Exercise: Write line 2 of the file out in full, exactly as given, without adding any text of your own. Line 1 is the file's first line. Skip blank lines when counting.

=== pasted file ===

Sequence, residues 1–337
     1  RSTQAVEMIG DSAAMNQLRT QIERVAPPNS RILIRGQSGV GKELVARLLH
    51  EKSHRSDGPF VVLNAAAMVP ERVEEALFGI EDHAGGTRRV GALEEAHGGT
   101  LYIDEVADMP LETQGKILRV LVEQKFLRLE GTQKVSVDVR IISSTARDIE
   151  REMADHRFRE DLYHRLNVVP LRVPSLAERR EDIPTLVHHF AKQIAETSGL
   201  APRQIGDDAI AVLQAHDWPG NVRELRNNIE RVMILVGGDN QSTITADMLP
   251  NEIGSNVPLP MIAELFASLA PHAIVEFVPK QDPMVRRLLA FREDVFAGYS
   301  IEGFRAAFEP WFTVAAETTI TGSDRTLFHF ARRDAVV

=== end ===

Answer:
     1  RSTQAVEMIG DSAAMNQLRT QIERVAPPNS RILIRGQSGV GKELVARLLH